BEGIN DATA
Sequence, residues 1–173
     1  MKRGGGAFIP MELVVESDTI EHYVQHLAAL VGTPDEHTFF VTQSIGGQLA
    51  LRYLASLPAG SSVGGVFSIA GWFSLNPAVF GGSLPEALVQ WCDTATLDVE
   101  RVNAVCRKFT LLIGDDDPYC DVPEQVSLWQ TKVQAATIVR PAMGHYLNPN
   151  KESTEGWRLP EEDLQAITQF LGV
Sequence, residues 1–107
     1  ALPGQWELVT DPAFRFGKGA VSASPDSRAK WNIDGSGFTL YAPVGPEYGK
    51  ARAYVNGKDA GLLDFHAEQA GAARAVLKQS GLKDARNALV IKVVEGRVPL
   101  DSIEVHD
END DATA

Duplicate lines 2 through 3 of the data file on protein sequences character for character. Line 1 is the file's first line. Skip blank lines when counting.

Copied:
     1  MKRGGGAFIP MELVVESDTI EHYVQHLAAL VGTPDEHTFF VTQSIGGQLA
    51  LRYLASLPAG SSVGGVFSIA GWFSLNPAVF GGSLPEALVQ WCDTATLDVE